Richard McNally

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Richard J. McNally
Born (1954-04-17) April 17, 1954 (age 63)
Detroit, Michigan
Residence Massachusetts
Citizenship United States
Nationality United States
Fields Psychology
Institutions Harvard University;
Alma mater University of Illinois at Chicago
Known for Research into anxiety disorders

Richard J. McNally is Professor of Psychology at Harvard University[1] and an expert on anxiety disorders. His work has mostly focused on anxiety disorders,[2] but he has also researched the cognitive functioning of adults reporting histories of childhood sexual abuse.[3]


McNally received his B.S. (1976) in Psychology from Wayne State University, and his M.A. (1980) and Ph.D. (1982) in Clinical Psychology from University of Illinois at Chicago. Since then, he completed an internship at the Temple University School of Medicine. McNally became an Assistant Professor, and later an Associate Professor, at The Chicago Medical School, from where he moved to Harvard in 1991.[1]

McNally is Professor and Director of Clinical Training, Doctoral Clinical Psychology Program, Harvard University. He is one of the most cited authors in Psychology and Psychiatry.[4]

McNally has been an associate editor for the journal Behavior Therapy,[5] and has served on the editorial boards of Clinical Psychology Review,[6] Journal of Anxiety Disorders,[7] Behaviour Research and Therapy,[8] The Skeptic (UK magazine), and Psychological Science (journal).[9] He also served on the specific phobia and posttraumatic stress disorder committees of the DSM-IV task force, and on the National Institute of Mental Health‘s panel for the assessment of panic disorder and posttraumatic stress disorder.[1]

Honors and awards[edit]

Year Award
1998 Fellow of the Association for Psychological Science[10]
2003 Honorable mention for Remembering Trauma, Association of American Publishers, Professional/Scholarly Publishing Annual Award in Psychology[11][12]
2004 Who's Who in America[13]
2004 Institute for Scientific Information’s Highly Cited list of published authors in psychology and psychiatry[4]
2005 Distinguished Scientist Award, Society for a Science of Clinical Psychology[14]
2006 Who's Who in the World[15]
2006 Who's Who in Science and Engineering[16]
2009 American Men & Women of Science[17]
2010 Outstanding Mentor Award, Association for Behavioral and Cognitive Therapies[18]


Journal articles[edit]

McNally has published articles concerning anxiety disorders and memories of people reporting traumatic experiences.[1]

Whalen, PJ; Bush G; McNally RJ; Wilhelm S; McInerney SC; Jenike MA; Rauch SL (1998). "The emotional counting Stroop paradigm". Biological Psychiatry. 44 (12): 1219–28. PMID 9861465. doi:10.1016/S0006-3223(98)00251-0. 

Shin, LM; McNally RJ; Kosslyn SM; Thompson WL; Rauch SL; Alpert NM; Metzger LJ; Lasko NB; Orr SP; Pitman RK (1999). "Regional cerebral blood flow during script-driven imagery in childhood sexual abuse-related PTSD: a PET investigation". American Journal of Psychiatry. 156 (4).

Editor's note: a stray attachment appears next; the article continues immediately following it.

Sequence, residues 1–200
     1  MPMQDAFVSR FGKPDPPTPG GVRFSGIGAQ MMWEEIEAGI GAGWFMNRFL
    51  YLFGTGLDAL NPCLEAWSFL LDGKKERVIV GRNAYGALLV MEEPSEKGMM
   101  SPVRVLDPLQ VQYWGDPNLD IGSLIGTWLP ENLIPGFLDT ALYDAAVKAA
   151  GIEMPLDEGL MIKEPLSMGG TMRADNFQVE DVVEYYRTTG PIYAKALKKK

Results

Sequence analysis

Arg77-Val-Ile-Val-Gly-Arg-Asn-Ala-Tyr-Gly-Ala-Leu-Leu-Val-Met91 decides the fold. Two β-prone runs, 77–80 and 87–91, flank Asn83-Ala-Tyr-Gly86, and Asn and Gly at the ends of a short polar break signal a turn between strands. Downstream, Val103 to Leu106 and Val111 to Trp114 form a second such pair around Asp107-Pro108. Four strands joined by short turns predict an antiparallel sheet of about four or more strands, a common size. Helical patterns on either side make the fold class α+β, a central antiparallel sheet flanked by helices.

Taylor, S; Koch WJ; McNally RJ (1992). "How does anxiety sensitivity vary across the anxiety disorders?". Journal of Anxiety Disorders. 6 (3): 249–259. doi:10.1016/0887-6185(92)90037-8. 

McNally, RJ; Bryant RA; Ehlers A (2003). "Does Early Psychological Intervention Promote Recovery From Posttraumatic Stress?". Psychological science in the public interest. 40 (1): 45–79. doi:10.1111/1529-1006.01421. 

Heeren, A; Mogoaşe C; Philippot P; McNally RJ (2015). "Attention bias modification for social anxiety: A systematic review and meta-analysis". Clinical Psychology Review. 4 (2): 76–90. doi:10.1016/j.cpr.2015.06.001. 


Panic Disorder: A Critical Analysis. McNally RJ (1994). New York: Guilford Press.

Remembering trauma. McNally RJ (2003). Cambridge, MA: Belknap Press/Harvard University Press.[11]

What is mental illness?. McNally RJ (2011). Cambridge, MA: The Belknap Press of Harvard University Press.


  1. ^ a b c d "Harvard University Department of Psychology". Retrieved 5 June 2012. 
  2. ^ Reiss, S; Peterson RA; Gursky DM; McNally RJ (1986). "Anxiety sensitivity, anxiety frequency and the prediction of fearfulness" (PDF). Behaviour Research and Therapy. 24 (1): 1–8. PMID 3947307. doi:10.1016/0005-7967(86)90143-9. 
  3. ^ McNally, RJ (2003). Remembering Trauma. Harvard University Press. ISBN 978-0674010826. 
  4. ^ a b "Highly cited authors in Psychology & Psychiatry". Thomson Reuters. Retrieved 14 May 2012. 
  5. ^ "Behavior Therapy Editorial Board". Behavior Therapy. 24 (1): CO2. 1993. doi:10.1016/S0005-7894(05)80252-7. 
  6. ^ "Clinical Psychology Review Editorial Board". Clinical Psychology Review. 15 (8): 905–913. 1995. doi:10.1016/0272-7358(95)90155-8. 
  7. ^ "Journal of Anxiety Disorders Editorial Board". Journal of Anxiety Disorders. 19 (8): CO2. 2005. doi:10.1016/S0887-6185(05)00091-5. 
  8. ^ "Behaviour Research and Therapy Editorial Board". Elsevier. Retrieved 30 May 2012. 
  9. ^ "Psychological Science Editorial Board". Sage. Retrieved 30 May 2012. 
  10. ^ "APS Fellows". Retrieved 25 May 2012. 
  11. ^ a b "Remembering Trauma". Retrieved 25 May 2012. 
  12. ^ "Association of American Publishers". Retrieved 25 May 2012. 
  13. ^ Who's Who in America 2004. NJ: Marquis Who’s Who. 2004. ISBN 978-0837969749. 
  14. ^ "Distinguished Scientist Award". Retrieved 25 May 2012. 
  15. ^ Who's Who in the World 2006. NJ: Marquis Who’s Who. 2006. ISBN 978-0837911359. 
  16. ^ Who's Who in Science and Engineering 2006. NJ: Marquis Who’s Who. 2006. ISBN 978-0837957661. 
  17. ^ American Men & Women of Science: A Biographical Directory of Today's Leaders in Physical, Biological and Related Sciences. New York: Gale. 2009. ISBN 978-1414433004. 
  18. ^ "Outstanding Mentor Award". Retrieved 25 May 2012. 

External links[edit]